Green Bay Packers in the Hall of Fame: The Versatile Tony Canadeo
/ Packers

By Clay Shannon

Tony Canadeo lived for 84 years, from 1919 to 2003.

Although he was born and grew up in Chicago, Canadeo attended college in the far west, at Gonzaga in Spokane, Washington. There he acquired the nickname “The Gray Ghost of Gonzaga” due to his prematurely graying hair.

What Canadeo was best known for were his years as a member of the Green Bay Packers, for whom he played from 1941 to 1952 (with the exception of most of 1944 and all of 1945, at the end of World War 2, when he was in the army). He was also in the Navy for awhile in 1943.

The 77th pick of the 1941 draft, Canadeo’s career surpassed that of most, if not all, of those selected before him. After all, he’s the only player from the 1941 draft who ended up in the NFL Hall of Fame.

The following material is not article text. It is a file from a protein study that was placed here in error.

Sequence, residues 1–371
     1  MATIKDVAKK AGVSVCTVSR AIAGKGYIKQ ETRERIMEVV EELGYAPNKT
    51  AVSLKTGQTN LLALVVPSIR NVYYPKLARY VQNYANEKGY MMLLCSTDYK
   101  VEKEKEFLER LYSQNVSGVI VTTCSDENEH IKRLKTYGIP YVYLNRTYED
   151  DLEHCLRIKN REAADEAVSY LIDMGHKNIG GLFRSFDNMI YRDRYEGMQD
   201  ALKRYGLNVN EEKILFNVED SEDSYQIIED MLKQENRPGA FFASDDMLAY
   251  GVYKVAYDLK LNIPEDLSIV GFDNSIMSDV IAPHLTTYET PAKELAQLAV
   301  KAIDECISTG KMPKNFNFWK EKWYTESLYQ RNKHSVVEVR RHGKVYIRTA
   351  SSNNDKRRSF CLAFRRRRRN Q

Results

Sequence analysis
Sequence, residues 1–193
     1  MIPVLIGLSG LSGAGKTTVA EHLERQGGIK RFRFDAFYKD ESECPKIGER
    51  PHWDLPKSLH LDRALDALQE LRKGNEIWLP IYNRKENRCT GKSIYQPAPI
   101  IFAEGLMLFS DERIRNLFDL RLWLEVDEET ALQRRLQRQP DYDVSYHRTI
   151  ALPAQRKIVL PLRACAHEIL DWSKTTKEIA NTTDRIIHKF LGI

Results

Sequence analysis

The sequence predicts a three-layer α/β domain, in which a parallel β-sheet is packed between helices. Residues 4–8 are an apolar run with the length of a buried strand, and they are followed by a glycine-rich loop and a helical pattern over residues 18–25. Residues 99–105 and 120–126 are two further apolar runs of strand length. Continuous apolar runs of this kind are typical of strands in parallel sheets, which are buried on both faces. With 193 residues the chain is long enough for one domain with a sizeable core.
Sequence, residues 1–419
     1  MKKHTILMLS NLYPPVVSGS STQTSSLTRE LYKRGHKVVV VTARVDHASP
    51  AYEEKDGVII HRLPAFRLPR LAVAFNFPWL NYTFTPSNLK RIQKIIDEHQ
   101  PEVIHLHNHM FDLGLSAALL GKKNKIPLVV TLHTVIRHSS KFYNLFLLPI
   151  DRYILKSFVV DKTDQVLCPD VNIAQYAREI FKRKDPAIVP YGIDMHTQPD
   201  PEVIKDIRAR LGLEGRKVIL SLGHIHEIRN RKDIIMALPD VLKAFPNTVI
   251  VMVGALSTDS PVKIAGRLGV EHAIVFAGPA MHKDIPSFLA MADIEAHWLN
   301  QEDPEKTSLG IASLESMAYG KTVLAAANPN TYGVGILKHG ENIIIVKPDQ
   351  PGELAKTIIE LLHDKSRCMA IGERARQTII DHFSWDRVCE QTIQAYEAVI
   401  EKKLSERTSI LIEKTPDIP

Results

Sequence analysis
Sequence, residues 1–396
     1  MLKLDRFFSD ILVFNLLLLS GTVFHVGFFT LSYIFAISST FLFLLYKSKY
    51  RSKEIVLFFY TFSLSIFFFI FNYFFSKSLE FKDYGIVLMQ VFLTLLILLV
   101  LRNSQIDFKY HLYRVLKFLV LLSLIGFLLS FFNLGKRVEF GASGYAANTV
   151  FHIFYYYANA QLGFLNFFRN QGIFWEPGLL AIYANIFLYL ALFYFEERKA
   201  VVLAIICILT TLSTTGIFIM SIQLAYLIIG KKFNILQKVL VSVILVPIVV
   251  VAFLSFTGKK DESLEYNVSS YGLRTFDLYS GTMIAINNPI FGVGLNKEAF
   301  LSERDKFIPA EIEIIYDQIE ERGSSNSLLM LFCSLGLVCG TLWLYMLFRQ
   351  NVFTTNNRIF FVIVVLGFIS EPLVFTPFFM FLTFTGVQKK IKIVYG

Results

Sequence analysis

Much like Herb Adderley a couple of decades later, the Packers already had two stars in the offensive backfield when Canadeo was signed (Clarke Hinkle and Arnie Herber) – yes, eventual cornerback Herb Adderley was drafted as a running back, and the Packers already had Paul Hornung and Jim Taylor – but future Hall of Famers Hinkle and Herber were nearing the end of their...

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